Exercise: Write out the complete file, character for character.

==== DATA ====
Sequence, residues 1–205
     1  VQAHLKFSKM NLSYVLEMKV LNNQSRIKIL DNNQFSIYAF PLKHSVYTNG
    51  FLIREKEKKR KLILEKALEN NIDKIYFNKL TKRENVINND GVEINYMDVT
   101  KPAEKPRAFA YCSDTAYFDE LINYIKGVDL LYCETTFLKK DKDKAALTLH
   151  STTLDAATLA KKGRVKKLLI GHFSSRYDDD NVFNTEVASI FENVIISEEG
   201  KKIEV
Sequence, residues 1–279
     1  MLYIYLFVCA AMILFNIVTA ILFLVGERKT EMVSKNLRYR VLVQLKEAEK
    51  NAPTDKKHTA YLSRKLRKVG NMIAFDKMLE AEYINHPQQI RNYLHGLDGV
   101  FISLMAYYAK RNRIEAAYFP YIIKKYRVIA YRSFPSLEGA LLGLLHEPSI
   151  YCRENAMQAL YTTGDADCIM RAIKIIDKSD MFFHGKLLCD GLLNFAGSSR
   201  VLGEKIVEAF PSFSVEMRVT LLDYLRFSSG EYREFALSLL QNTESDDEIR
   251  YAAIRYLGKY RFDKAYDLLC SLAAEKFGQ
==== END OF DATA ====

Sequence, residues 1–205
     1  VQAHLKFSKM NLSYVLEMKV LNNQSRIKIL DNNQFSIYAF PLKHSVYTNG
    51  FLIREKEKKR KLILEKALEN NIDKIYFNKL TKRENVINND GVEINYMDVT
   101  KPAEKPRAFA YCSDTAYFDE LINYIKGVDL LYCETTFLKK DKDKAALTLH
   151  STTLDAATLA KKGRVKKLLI GHFSSRYDDD NVFNTEVASI FENVIISEEG
   201  KKIEV
Sequence, residues 1–279
     1  MLYIYLFVCA AMILFNIVTA ILFLVGERKT EMVSKNLRYR VLVQLKEAEK
    51  NAPTDKKHTA YLSRKLRKVG NMIAFDKMLE AEYINHPQQI RNYLHGLDGV
   101  FISLMAYYAK RNRIEAAYFP YIIKKYRVIA YRSFPSLEGA LLGLLHEPSI
   151  YCRENAMQAL YTTGDADCIM RAIKIIDKSD MFFHGKLLCD GLLNFAGSSR
   201  VLGEKIVEAF PSFSVEMRVT LLDYLRFSSG EYREFALSLL QNTESDDEIR
   251  YAAIRYLGKY RFDKAYDLLC SLAAEKFGQ